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PostPosted: Mon Oct 01, 2012 10:00 am 
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Joined: Tue Feb 24, 2009 7:05 am
Posts: 252
David Nelson wrote:
... but eventually they will go the way of the Dodo bird.

I'm not sure that's the best way to say what you mean. It could be wrongly understood.


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PostPosted: Mon Oct 01, 2012 6:11 pm 
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Joined: Sun Sep 23, 2007 5:00 pm
Posts: 127
Location: Calgary, Alberta, Canada
Have to be careful here, need this process to work. At a minimum the Qualified Electrical Worker's Supervisor should sign. Be careful here and ensure that the Electrical Safety Program you use identifies Roles & Responsibilities and the Energized Electrical Work Permit (EEWP) requirements. I also have to add that work at 1.2 cal/cm2 without arc rated clothing is dangerous. With PPE at greater than 1.2 cal/cm2 the risk is accepteable.

I find it amazing that an EEWP would be required using an 8 cal/cm2 decision process. The EEWP should be determined based on High Risk Non-Routine Work Tasks and there are only 3-4 I can think of that are typical in industry.


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PostPosted: Tue Oct 02, 2012 5:10 am 
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Joined: Wed Oct 29, 2008 6:06 am
Posts: 136
Location: Michigan
We are primarily an automotive supplier; we do rollforming, stamping, welding, plastic injection molding and assembly work.

We require an EEWP for any work over 50 volts. Work is defined as removing or installing components or conductors; exceptions to a permit include testing, troubleshooting, voltage measurements, resetting a circuit breaker or drive providing appropriate safe work practices and PPE are used. The permit requires three signatures.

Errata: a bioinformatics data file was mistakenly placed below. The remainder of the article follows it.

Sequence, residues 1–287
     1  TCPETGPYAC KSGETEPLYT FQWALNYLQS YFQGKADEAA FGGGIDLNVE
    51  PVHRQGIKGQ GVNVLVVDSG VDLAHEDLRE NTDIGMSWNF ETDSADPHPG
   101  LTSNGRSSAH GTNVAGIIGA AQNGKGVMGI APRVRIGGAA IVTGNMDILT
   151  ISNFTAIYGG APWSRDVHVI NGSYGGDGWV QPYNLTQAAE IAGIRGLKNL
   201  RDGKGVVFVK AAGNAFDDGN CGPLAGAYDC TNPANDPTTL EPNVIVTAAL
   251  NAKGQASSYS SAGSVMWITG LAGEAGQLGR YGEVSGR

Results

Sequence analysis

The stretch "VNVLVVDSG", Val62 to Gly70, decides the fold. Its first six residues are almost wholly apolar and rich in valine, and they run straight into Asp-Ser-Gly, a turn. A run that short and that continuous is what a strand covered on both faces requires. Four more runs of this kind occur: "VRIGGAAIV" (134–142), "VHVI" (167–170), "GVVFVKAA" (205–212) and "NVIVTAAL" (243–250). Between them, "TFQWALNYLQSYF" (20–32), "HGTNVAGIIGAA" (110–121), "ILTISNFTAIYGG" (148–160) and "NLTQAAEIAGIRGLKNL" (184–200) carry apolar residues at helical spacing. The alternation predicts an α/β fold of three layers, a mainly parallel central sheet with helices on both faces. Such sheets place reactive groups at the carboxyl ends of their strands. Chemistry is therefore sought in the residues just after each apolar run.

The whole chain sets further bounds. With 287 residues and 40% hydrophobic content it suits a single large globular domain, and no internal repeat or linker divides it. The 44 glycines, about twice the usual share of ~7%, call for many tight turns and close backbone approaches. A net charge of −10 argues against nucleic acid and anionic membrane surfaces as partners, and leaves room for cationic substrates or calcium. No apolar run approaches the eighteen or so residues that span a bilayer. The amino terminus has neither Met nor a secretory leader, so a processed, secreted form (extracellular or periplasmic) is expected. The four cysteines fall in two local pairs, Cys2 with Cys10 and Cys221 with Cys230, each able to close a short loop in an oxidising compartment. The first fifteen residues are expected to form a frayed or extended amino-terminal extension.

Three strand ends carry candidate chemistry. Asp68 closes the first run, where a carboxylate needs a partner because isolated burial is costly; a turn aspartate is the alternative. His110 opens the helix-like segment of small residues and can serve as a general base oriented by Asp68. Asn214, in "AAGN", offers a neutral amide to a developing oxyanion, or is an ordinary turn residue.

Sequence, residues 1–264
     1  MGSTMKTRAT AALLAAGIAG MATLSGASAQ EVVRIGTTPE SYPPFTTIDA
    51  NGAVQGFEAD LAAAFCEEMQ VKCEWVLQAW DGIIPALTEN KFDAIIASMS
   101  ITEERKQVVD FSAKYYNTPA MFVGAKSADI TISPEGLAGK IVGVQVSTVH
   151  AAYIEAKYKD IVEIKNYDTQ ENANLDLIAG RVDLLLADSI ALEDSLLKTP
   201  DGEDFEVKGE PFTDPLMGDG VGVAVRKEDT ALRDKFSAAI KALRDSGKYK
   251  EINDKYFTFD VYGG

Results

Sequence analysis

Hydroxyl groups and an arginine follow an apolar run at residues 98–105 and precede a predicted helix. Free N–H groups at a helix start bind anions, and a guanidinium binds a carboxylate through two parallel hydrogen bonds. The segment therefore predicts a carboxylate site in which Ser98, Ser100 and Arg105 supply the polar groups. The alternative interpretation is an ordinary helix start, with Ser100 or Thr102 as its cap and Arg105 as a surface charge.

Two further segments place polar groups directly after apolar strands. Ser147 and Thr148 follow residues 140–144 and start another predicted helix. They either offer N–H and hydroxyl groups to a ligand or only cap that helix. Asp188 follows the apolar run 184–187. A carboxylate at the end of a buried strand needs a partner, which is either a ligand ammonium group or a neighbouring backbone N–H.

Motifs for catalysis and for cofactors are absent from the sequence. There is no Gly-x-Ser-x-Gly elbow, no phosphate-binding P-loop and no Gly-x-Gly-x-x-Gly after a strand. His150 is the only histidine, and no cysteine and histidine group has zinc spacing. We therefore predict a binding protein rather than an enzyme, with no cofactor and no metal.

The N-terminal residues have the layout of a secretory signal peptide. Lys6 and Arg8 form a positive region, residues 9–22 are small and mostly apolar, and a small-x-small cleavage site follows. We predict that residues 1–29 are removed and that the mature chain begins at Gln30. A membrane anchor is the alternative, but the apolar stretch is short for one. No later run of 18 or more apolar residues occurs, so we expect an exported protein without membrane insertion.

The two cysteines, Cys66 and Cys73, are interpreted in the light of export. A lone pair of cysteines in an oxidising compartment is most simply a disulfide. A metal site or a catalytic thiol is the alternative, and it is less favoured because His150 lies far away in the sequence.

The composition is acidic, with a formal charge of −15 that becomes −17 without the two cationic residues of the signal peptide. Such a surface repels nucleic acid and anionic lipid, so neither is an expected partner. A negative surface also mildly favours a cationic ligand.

1.)The EEWP is completed by the Qualified Electrical Worker (QEW) performing the task. If they believe the job can be done safely, they then sign the permit and submit it to the Maintenance Leader (their boss). By signing the permit they are agreeing to comply with all the safety related work practices and PPE specified on the permit. Associates cannot be punished for refusing to perform live work.

2.)The Maintenance Leader then reviews the permit and by signing agrees that the energized work specified is justified and that the results of the shock and arc flash hazard analysis are complete and sufficient.

3.)The permit must then be signed by an independent reviewer (Electrical Engineering Manager, Company Master Electrician or any Member of the Electrical Safety Committee who is a QEW).

The permit must be posted at the jobsite where the energized work is being performed and then routed to the Safety Manager upon completion for retention.


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PostPosted: Tue Oct 02, 2012 12:20 pm 

Joined: Wed Aug 01, 2012 10:44 am
Posts: 8
Location: Washington State
We require two management signatures- Electrical Supervisor and either the I&E Dept Supt or the Plant Electrical Engineer.